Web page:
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How do I create a fluid layer over an image?
jpalmer




msg:1197349
 5:24 am on Jan 22, 2005 (gmt 0)

Greetings and Gidday folks

This is probably simple, but I can't find a solution elsewhere and I'm getting frustrated trying to nut it out. (shoulda bought that O'Reillys CSS book I saw the other day!)

All I want is a bunch of text (in a layer) to centre over an image positioned in a page using a table *AND* for it (the text layer) to be "fluid" and automatically centre in 800x600 and 1024x768, and in IE, NS,OPera and FF of course!

Can get the layer OK, using static or absolute in 800x600, but as soon as the screen res changes, there goes the (text) layer postioning.

Anyone out ther got some code they'd care to share?

Thanks in advance
JP

 

createErrorMsg




msg:1197350
 3:18 pm on Jan 22, 2005 (gmt 0)

When you say "layers," I assume this means you are using DW or FP to absolutely position elements on top of one another. If so, you're going to have to rely on some scripting to accomplish what you want.

See, CSS has no way of knowing what a users screen resolution is. This isn't a problem if your positioning scheme doesn't rely on precise pixel locations, but when you're using absolute positioning, that's exactly what you need. You have to tell the brwoser to place this element at exactly 40px from the top and 50px from the left. WHen screen resolution changes, the location on screen of these coordinates changes, too.

So to get an absolutely positioned box centered on screen, you'll have to rely on scripting to detect the screen resolution of each user and alter the stylesheet settings to deliver the correct numbers.

Another option would be to apply the background image directly to the element in which the text resides, as in...

<div id="textdiv">
<p>Lorem ipsum dolor sit amet.</p>
<p>Lorem ipsum dolor sit amet.</p>
<p>Lorem ipsum dolor sit amet.</p>
</div>

You can style it like this...
#textdiv{
width:80%;
background:url(path/to/yourimage.gif) center no-repeat; /*or whatever*/
}

This connects the background image and the text directly, rather than seperating the two into different containers, which then have to be identically positioned. Now you only have one element to position where you need it.

If my assumptions here, which I take from your use of the term "layers," are wrong, let us know and try posting some of the actual code you're using your page...both the relevant bits of html and css.

cEM

jpalmer




msg:1197351
 6:29 am on Jan 23, 2005 (gmt 0)

Gidday cEM

Yes, am using DW and thanks, will try it out and let you know.

Hooroo
JP

jpalmer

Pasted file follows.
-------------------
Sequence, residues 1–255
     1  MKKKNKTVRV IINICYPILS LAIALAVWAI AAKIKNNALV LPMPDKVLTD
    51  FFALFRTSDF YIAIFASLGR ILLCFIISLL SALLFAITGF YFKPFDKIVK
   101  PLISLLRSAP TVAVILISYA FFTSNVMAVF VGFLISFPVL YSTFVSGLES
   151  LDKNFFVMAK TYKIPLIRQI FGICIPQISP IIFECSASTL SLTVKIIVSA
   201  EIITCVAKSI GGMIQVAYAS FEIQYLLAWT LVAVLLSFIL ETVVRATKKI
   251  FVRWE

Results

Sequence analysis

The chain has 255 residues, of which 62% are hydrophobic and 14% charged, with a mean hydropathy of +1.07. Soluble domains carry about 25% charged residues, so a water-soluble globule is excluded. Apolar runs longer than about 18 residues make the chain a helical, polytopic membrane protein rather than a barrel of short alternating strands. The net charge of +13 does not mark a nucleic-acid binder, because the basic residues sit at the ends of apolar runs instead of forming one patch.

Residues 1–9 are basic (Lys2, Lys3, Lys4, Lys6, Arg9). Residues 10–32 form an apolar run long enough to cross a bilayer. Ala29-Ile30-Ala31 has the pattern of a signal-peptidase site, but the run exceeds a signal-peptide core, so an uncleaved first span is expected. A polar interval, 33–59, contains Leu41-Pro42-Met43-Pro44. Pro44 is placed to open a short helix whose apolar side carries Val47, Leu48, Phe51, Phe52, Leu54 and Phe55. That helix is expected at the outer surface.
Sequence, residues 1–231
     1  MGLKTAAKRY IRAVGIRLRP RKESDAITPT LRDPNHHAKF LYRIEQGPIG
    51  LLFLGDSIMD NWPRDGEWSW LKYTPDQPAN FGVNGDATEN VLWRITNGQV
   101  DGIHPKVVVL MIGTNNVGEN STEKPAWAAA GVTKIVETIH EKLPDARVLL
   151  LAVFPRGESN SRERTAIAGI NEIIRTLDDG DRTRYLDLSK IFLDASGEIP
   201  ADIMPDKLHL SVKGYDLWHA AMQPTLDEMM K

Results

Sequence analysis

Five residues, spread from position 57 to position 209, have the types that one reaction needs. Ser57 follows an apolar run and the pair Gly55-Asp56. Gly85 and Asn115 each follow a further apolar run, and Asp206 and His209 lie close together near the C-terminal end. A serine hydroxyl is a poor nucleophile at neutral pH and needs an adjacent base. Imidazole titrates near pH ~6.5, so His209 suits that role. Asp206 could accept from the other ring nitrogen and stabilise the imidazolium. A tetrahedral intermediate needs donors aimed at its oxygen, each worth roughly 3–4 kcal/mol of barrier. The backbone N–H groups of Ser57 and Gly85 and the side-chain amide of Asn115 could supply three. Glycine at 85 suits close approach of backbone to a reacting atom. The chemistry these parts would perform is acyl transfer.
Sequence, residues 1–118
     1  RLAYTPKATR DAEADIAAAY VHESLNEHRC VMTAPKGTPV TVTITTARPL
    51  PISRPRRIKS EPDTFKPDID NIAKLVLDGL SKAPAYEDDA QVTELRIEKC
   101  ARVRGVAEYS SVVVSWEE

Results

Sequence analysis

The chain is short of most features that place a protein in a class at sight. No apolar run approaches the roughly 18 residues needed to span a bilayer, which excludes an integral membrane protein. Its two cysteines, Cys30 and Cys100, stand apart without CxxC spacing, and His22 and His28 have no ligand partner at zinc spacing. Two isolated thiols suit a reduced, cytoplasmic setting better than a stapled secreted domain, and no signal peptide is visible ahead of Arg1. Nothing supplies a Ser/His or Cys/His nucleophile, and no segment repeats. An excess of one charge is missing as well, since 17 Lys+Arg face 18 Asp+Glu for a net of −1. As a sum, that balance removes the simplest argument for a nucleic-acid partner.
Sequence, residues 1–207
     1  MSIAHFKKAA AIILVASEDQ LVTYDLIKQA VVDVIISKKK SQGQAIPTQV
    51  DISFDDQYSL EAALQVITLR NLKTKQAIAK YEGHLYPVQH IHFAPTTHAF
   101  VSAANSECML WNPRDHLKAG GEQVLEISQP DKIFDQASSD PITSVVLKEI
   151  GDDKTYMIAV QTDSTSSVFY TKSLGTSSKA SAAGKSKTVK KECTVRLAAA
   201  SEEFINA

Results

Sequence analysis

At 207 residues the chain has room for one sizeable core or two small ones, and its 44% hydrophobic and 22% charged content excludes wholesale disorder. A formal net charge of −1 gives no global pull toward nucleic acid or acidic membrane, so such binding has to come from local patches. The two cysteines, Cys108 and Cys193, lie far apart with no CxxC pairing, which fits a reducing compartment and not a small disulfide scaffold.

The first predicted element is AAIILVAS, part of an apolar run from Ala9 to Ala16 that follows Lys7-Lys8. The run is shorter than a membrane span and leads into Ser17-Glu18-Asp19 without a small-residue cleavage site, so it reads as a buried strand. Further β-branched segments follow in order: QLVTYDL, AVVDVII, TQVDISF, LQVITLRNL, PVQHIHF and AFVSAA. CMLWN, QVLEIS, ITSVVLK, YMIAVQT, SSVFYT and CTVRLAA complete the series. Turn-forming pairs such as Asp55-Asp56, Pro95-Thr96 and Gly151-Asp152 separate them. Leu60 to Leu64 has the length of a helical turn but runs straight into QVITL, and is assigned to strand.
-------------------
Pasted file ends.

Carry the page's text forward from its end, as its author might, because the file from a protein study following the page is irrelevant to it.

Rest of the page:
msg:1197352
 10:12 pm on Jan 23, 2005 (gmt 0)

Gidday again cEM

Thank you. Worked just dandy, apart from the image appearing as a black block in NS 4.7x. Don't suppose you've got a work around? <grin>

Cheers
JP

createErrorMsg




msg:1197353
 10:36 pm on Jan 23, 2005 (gmt 0)

apart from the image appearing as a black block in NS 4.7x. Don't suppose you've got a work around? <grin>

Other than uninstalling Netscape 4.7x? No.

Actually, yes, but only partially. The problem is that NN4.x has hideous support for almost all of the background properties. In particular, it doesn't support background-position at all, and has iffy support for background-image.

First, I would try splitting the shorthand background property into individual properties.

As in...
background-image:url(path/to/yourimage.gif);
background-position:center;
background-repeat: no-repeat;

I don't suspect this will have any effect, but it;s worth a shot. Otherwise, you would need to fall back on delivering an NN4.x only stylesheet that doesn't use the background properties that nn4 doesn't like.

There are probably better ways to isolate NN4, but offhand you could put the NN4 styles in a <link> tag with media="all", followed by a link tag with media="screen" for all other browsers. be sure the properties in the second stylesheet provide new information for any property set in the first in order to overide them.

But, god...NN4.7? Yuck.

cEM

jpalmer




msg:1197354
 11:51 pm on Jan 23, 2005 (gmt 0)

Hi cEM

Oh turd .... duelling style sheets ..., just what I wanted, NOT! <grin>

yeah .... NN4.x .... I know, but my stats tell me there are still visitors in the 100s to my sites who use it. I guess like me, they just couldn't bring themselves to use M$. I just wish they'd upgrade to FF or Moz., maybe time to tell 'em, eh? ;-)

Up til now, I've been sticking with tables and design styles that are compatible across the board, but there's only so much you can do, before the old "I wish I could do ...", comes up and voila, CSS is the way to do it, except for all the bugs of course .... sigh ....

BTW .... anyone who lobs in on this post looking for CSS info, I did a WebmasterWorld search for "CSS book", where I 'discovered' these threads at [webmasterworld.com...]
[webmasterworld.com...] and [webmasterworld.com...] with bucket loads of useful CSS info, there for the browsing.

Thanks again cEM, for your help, much appreciated.

Hooroo
JP

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